Possibly, this is a better analogy to the chess phoenix. Or possibly a less romantic view is in order, whereupon a knight dies, and another one is sired from a serf. In German, the pawn is a ‘Bauer’, a farmer. In medieval times, a farmer could become a knight — most famously, Johanna of Orleans liberated an entire country, stemming from a farmer’s family and having the courage to become a legend. Her grim fate afterwards does not apply to all chess knights.

Two endgame studies from that Feniksthema page of the book are replayable in the widget at the end of the article: Kasparyan (1978) and Afek (2011).


Knight promotions have many more aspects than the ones shown above, but I’d like to consider their role in the battle for promotion as well. The number of endgame studies where a well-placed fork of king and knight by a knight ends the play is rather large. Not always is a fork the end all be all. Additional ideas need to be executed sometimes, such as when, already a century ago, Rinck demonstrated that the fork might win a tempo for a pawn to shut off the opposing knight.


1.Ne7! Nd7 2.Nc6+ Ka6 3.Nb8+ N:b8 4.g7 wins, or 2.-Kb6 3.N:e5 Nf6 4.Nd7+! N:d7 5.e5! wins

Additional finesses can occur in such endgames when for example checkmate is invoked. With this information, the following endgame study is left as an exercise for readers to solve. The solution is presented at the end of the article.


It seems that the draw after 1.f4 Ng2 2.f5 Ne3 3.f6 Ng4+ is unavoidable. Is it?

In an earlier article, I had shown another profession of knights: delivering the much-feared smothered mate. Not a smothered mate but the same kind of check to win the queen occurred in the following game where Black gave two pieces to deliver a check on the diagonal a7-g1.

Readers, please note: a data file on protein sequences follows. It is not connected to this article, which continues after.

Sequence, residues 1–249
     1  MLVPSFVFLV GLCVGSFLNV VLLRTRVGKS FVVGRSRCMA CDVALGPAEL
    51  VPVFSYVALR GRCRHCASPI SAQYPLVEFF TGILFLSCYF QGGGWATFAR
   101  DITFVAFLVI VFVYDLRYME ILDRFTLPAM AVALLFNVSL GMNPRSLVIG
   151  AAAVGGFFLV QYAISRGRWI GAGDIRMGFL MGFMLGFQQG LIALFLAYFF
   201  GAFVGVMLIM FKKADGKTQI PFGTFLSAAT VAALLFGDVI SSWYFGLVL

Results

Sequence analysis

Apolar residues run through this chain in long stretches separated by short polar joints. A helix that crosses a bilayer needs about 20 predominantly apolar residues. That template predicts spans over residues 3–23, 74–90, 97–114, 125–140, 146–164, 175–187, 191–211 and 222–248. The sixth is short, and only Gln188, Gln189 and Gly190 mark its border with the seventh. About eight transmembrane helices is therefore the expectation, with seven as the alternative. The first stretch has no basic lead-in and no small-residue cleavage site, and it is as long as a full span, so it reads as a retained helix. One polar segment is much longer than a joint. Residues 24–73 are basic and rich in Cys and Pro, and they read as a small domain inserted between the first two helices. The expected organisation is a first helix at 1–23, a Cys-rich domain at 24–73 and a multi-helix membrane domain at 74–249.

Black was certain that the game is over after his combination 22.-Bb3 23.R:b3 Qa7+. 24.Kh1 Nf2+ 25.Kg2 N:d1 26.R:b4 Qf2+ 27.Kh3 Q:f3 seems forced, and in view of 28.R:d1? Qh5+ 29.Kg2 Q:e2+ and 30.-Q:d1 White can resign. Black was right, the game was over, and resignation followed promptly... The one resigning was him, though, after 24.Nb6!!, which after 24.-Q:b6+allows White to move either his queen — exchanging the powerful pieces — or even the other knight to d4.

The basic idea was correct, of course. In the diagrammed position Black needs to take on e2, and White can’t take with the bishop due to the deadly check on a7. So 22.-B:e2 23.Q:e2 R:a4 24.R:a4 Q:a4 follows, and the fork on d4 prevents White from taking the knight. After 25.Qb2+ Nf6 Black remains a pawn down and will have a difficult defensive task, but he was able to play on. Adding insult to injury, after Dyner’s 22.-Bb3 Oren had other ways to win: 23.Qc1 Qa7+ 24.Nc5 is one example, and here even 24.Kh1 wins: 24.-Nf2+ 25.Kg2, and the threat of the fork on c3 prevents Black from winning back his minor piece.